This kind of protest happens all the time, and to political figures who are far more significant than Ambassador Oren. For something like this to lead to a criminal prosecution -- let alone the convening of a grand jury! -- is stunning.
In any case, the recent update is that the judge has issued a gag order in order to prevent "potential jurors [from having] preconceived ideas about the case." The gag order applies to both prosecution and defense, but oddly is not retroactive:
Attorneys for the defendants objected to a protective order against them, with one attorney saying their clients "are not similarly situated" with the district attorney's office and therefore should not be subjected to the same limitations.Obviously, it's impossible to go back and erase what people have already heard. But there is nevertheless something strange about the disproportionate effects of the gag order -- it silences the present while entirely overlooking the past. There's also something interesting here about the way that "free speech" operates. In a case where college students are facing half a year of jail time for allegedly violating the right to free speech of an Israeli politician, the logic of "free speech" demands that (some) speech be silenced, and (other) speech effectively reinforced. It redistributes speech, spatially and temporally. This is where technologies like "free speech zones" and "time, place, and manner restrictions" come into play.
Attorneys for the 11 also requested that the court mandate the D.A.'s office remove other information relating to the case from its website, including removal of press releases and emails among the defendants that could be submitted to the court later as evidence. The judge denied the request, saying that there is no need to "go back and sanitize" what has already been released.
It's also interesting how the politics of free speech often turns on or the legitimation of racism, with regard to both speech and practice. The LA Times article cited above takes a weird turn toward the end:
The defendants also have critics, including prominent Jewish leaders who say they support free speech but believe the students' behavior crossed a line.There's so much going on here. Even if we totally leave aside the claims of white victimization and the odd tokenization of Louis Farrakhan, what's interesting is how the politics of free speech renders some utterances speech and others non-speech. Apparently, Gilchrist recognizes that the protesters have a "point of view," a political argument they want to express. In reality, Oren's speech wasn't prevented, blocked, or suppressed (in other words, the protest was less "effective," in absolute material terms, than the gag order) -- rather, it was delayed, or temporally displaced. And, insofar as all speech is contextual and situated, the protesters' can only make that particular argument in the way they did. It is a fundamentally different speech act to denounce the Israeli occupation while the Israeli ambassador is speaking than it is to denounce it outside the building, or the following day.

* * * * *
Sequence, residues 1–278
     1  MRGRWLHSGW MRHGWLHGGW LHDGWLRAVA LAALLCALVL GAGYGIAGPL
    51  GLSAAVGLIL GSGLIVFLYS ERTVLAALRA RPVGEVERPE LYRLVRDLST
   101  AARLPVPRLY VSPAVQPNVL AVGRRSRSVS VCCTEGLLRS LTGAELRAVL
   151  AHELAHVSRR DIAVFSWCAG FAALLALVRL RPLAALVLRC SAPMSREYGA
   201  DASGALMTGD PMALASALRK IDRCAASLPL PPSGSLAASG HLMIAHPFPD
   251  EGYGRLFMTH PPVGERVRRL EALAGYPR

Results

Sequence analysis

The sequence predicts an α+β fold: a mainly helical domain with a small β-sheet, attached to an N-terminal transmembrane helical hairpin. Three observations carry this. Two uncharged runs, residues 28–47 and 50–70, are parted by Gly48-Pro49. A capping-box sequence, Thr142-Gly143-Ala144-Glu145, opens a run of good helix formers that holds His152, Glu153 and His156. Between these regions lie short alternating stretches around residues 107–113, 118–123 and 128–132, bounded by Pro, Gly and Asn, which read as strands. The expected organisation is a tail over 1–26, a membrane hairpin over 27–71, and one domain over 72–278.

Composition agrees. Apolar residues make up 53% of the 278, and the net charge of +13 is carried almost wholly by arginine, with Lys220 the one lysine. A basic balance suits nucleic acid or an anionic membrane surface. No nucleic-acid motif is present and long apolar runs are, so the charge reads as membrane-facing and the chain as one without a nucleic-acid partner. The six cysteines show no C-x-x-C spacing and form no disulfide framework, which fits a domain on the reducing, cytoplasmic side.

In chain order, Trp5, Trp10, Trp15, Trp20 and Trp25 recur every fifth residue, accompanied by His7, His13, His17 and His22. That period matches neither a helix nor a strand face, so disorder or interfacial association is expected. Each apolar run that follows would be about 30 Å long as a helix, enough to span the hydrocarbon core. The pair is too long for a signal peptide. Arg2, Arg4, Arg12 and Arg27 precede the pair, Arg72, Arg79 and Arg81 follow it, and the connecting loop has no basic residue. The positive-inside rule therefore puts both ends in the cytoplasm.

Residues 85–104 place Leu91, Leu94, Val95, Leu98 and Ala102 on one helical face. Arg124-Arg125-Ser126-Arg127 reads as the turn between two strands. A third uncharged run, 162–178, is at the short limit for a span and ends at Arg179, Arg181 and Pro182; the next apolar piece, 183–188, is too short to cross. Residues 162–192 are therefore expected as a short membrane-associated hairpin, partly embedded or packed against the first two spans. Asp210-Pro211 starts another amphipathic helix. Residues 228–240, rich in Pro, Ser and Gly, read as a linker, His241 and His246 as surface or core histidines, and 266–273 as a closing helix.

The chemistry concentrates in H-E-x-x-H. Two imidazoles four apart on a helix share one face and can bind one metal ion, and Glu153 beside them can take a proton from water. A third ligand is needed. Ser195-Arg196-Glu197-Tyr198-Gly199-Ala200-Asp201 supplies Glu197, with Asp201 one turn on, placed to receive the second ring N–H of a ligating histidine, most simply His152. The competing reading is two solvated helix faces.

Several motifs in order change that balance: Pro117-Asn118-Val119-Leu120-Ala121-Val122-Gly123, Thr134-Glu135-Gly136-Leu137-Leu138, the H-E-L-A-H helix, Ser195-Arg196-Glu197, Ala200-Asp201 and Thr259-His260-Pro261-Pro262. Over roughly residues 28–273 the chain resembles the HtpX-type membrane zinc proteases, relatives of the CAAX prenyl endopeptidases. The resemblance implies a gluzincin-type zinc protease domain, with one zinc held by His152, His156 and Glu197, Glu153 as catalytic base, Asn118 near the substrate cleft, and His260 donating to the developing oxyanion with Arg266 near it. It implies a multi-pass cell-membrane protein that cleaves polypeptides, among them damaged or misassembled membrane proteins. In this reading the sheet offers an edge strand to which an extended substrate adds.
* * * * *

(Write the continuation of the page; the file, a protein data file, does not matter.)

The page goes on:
Among those who were in the Santa Ana courtroom Friday was Jim Gilchrist, founder and president of the Minuteman Project. Gilchrist, whose organization places civilian patrols on the U.S. border, said he was interested in the case because it related to 1st Amendment free speech rights.
"We need to set ground rules," Gilchrist said, adding that he was "victimized" by people interrupting speeches he's given across the country.
"Louis Farrakhan could speak [to me]," Gilchrist said. "You don't stop people from speaking. I want to talk to the accused and see their point of view."
Now compare the argument Gilchrist lays out above with this interview he did on Democracy Now. The interview -- well, partial interview -- took place following a speech he tried to give at Columbia University that was interrupted when a group of students rushed the stage and unfurled a banner denouncing anti-immigrant racism. This, it seems, is the sort of thing he calls victimization. (Notably, at one point in the video a minuteman kicks one of the students in the head.) Anyway, what happens in the interview is a sort of back and forth between Gilchrist and student organizer Karina Garcia, except it ends abruptly when Gilchrist bails after Garcia begins to confront him. He just gets up, pulls out his earpiece, and walks off camera.
In this case, of course, Gilchrist doesn't want to talk with the other side and "see their point of view." The point here is obviously not that the head of the Minutemen is an asshole -- it sort of goes without saying -- but rather that the tension in his militant desire to simultaneously hear and silence speech precisely mirrors the logic of free speech more broadly.
One final image: this is what pops up on the screen after Gilchrist cuts the camera in his studio (which is located, notably, in Irvine, CA). Somehow, it's extremely appropriate.
[this post has been edited for clarity]